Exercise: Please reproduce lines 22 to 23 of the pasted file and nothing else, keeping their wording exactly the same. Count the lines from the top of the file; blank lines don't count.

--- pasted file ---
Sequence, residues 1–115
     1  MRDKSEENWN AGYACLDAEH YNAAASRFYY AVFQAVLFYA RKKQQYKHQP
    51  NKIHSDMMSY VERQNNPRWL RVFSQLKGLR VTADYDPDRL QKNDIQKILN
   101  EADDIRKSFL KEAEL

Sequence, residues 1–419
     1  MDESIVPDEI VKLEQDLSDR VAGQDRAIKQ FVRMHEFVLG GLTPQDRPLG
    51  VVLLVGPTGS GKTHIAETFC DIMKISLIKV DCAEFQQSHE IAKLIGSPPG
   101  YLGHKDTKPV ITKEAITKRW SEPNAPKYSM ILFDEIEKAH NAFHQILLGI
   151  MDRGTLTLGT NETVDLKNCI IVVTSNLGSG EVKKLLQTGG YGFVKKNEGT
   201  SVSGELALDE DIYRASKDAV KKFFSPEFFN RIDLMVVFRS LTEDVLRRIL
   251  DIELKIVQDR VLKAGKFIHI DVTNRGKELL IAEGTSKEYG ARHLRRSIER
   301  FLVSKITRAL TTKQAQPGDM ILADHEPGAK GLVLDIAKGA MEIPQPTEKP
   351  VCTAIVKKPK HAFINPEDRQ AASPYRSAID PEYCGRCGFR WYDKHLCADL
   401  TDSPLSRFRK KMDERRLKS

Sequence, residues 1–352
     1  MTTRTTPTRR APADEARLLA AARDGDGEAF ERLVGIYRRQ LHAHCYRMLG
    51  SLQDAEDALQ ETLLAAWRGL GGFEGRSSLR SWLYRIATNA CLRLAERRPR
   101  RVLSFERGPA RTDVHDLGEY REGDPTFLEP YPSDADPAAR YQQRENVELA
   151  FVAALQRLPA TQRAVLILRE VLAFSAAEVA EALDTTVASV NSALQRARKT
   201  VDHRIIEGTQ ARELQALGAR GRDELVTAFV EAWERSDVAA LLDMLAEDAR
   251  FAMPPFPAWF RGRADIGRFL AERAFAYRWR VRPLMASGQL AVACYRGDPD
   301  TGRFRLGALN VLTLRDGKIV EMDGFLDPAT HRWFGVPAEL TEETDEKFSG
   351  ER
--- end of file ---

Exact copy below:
   301  TGRFRLGALN VLTLRDGKIV EMDGFLDPAT HRWFGVPAEL TEETDEKFSG
   351  ER